No extra pay for jurors in Clemmons case

RULING: Judge says raising compensation is up to Legislature

March 30, 2011 

A Pierce County Superior Court judge Tuesday denied a request to increase the amount of compensation paid to jurors who hear the case against cop killer Maurice Clemmons' alleged getaway driver.

Judge Frederick Fleming agreed with attorneys for Dorcus Allen that the current $10-per-day rate is too low, but said it is up to the Legislature to change the law.

“It’s not the court’s call,” Fleming said.

Mary K. High and Peter Mazzone wanted taxpayers to pay jurors with jobs their existing wages if their employer wouldn’t pay them while they’re on jury duty. High and Mazzone argued those not employed should have received the state’s minimum wage of $8.27 per hour while they sat in a trial that is expected to last six weeks or more.

Not fairly compensating jurors for their time, especially during a long trial, causes many working people to miss jury duty due to financial hardship, High argued Tuesday morning.

That erodes a defendant’s constitutional right to be tried by a fair cross section of the community, she said.

“There often is a real hardship for working folks,” High said.

She pointed out that about 30 of the 76 people from whom lawyers hope to pick a jury raised their hands Tuesday morning when asked whether a six-week trial would produce a hardship for them.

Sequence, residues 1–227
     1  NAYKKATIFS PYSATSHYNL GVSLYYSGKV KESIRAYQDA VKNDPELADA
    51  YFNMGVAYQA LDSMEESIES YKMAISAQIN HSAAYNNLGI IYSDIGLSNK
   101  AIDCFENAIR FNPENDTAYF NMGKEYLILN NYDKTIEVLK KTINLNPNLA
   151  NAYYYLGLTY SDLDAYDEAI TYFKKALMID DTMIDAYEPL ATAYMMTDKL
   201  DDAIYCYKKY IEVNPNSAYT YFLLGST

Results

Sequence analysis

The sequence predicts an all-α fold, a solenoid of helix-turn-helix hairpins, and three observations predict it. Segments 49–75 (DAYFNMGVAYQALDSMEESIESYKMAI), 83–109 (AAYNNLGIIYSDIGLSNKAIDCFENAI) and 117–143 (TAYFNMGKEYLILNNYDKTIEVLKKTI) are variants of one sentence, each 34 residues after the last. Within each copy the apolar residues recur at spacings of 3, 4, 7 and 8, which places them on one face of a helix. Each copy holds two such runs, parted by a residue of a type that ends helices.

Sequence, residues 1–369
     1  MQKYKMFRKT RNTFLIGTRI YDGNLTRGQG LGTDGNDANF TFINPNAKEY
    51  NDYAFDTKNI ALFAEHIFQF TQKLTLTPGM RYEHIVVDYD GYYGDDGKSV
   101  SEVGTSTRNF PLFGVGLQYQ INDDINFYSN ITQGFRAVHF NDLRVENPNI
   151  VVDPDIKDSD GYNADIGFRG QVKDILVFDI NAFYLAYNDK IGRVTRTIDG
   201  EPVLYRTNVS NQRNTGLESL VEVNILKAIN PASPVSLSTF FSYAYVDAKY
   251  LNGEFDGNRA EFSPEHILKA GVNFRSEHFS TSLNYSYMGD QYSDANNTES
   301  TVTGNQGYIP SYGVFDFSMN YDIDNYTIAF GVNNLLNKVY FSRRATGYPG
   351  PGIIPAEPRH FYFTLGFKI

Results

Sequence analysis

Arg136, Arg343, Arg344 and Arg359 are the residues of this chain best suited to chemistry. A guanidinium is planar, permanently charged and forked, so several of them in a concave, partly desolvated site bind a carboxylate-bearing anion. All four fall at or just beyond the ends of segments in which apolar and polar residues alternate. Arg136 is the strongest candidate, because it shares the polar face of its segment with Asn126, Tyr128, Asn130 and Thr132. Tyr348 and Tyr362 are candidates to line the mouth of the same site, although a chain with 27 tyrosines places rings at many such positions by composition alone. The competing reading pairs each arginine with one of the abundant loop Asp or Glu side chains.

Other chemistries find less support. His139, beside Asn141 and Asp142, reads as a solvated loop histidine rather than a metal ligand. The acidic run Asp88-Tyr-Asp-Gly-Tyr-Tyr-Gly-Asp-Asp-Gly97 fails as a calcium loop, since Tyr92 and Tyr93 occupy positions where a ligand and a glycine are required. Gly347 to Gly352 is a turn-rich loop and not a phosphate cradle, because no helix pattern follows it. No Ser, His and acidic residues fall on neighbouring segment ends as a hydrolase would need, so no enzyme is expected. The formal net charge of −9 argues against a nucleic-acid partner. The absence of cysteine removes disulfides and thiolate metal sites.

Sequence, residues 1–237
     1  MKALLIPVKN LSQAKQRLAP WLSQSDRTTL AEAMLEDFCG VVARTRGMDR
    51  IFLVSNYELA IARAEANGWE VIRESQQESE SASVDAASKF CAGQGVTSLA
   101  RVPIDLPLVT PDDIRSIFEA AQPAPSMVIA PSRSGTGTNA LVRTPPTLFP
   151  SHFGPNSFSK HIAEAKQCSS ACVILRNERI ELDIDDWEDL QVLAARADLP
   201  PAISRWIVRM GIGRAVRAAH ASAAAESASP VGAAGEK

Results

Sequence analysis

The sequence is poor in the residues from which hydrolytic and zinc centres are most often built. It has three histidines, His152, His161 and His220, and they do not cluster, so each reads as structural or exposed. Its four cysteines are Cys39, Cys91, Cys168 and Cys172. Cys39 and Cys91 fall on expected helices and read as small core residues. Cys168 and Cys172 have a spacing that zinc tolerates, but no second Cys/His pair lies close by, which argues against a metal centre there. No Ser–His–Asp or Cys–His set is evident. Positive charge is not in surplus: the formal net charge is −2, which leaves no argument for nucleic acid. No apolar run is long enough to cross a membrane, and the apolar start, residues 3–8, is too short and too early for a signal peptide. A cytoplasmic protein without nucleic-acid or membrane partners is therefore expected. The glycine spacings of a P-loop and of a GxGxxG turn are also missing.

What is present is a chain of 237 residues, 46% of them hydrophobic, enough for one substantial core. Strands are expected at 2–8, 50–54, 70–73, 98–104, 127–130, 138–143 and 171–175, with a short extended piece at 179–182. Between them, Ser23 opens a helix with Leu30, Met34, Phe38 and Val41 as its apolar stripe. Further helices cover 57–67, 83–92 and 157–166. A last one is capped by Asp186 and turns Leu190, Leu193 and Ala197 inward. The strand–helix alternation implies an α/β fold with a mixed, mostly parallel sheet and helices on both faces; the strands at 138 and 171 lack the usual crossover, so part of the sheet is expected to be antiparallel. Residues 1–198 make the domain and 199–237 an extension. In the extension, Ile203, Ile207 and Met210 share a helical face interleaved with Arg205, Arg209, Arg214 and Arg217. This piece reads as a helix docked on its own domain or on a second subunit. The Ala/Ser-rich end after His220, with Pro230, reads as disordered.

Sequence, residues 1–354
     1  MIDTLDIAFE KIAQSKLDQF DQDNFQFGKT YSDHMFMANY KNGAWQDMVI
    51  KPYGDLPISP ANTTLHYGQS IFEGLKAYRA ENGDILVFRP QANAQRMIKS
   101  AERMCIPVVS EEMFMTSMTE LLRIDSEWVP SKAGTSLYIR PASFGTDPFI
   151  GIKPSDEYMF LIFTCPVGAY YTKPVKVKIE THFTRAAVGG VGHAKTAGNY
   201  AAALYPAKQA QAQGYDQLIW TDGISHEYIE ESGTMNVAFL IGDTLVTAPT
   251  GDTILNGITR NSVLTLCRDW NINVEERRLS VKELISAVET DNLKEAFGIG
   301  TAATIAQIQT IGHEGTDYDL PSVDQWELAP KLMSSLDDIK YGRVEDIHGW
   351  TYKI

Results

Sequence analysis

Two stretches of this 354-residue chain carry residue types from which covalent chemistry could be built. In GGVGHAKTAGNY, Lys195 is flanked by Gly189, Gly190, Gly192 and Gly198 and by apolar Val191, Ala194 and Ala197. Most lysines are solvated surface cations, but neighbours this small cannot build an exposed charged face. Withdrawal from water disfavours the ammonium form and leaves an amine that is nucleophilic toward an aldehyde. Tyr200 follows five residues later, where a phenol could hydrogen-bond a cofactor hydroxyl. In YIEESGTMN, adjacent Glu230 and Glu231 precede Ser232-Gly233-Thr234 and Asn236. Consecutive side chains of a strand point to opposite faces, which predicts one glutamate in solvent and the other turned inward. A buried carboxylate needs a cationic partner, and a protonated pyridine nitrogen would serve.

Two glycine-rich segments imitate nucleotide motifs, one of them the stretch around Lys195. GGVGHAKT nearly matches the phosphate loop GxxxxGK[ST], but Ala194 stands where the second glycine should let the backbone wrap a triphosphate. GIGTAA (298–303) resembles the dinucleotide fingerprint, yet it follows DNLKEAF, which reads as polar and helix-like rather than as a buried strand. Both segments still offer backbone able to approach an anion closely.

Deputy prosecutor Stephen Penner also said he supports more compensation for jurors but that setting jury pay is lawmakers’ responsibility.

Allen is charged as an accomplice with four counts of aggravated first-degree murder and four counts of second-degree murder in the Nov. 29, 2009, deaths of Lakewood police Sgt. Mark Renninger and officers Tina Griswold, Gregory Richards and Ronald Owens.

Prosecutors say Allen drove Clemmons, who later was shot to death by a Seattle police officer, to and from the vicinity of a Parkland coffee shop where Clemmons gunned down the officers. They also contend Allen knew what Clemmons intended to do.

Allen has pleaded not guilty. He has said in court documents he did not know what Clemmons meant to do that Sunday morning.

Fleming’s decision left Allen frustrated.

High said her client feels as though there’s a “bottomless pit of money” to prosecute him, but not enough to pay jurors more so he can get a fair trial.

Adam Lynn: 253-597-8644 adam.lynn @thenewstribune.com

blog.thenewstribune.com/crime

The Olympian is pleased to provide this opportunity to share information, experiences and observations about what's in the news. Some of the comments may be reprinted elsewhere in the site or in the newspaper. We encourage lively, open debate on the issues of the day, and ask that you refrain from profanity, hate speech, personal comments and remarks that are off point. Thank you for taking the time to offer your thoughts.

Commenting FAQs | Terms of Service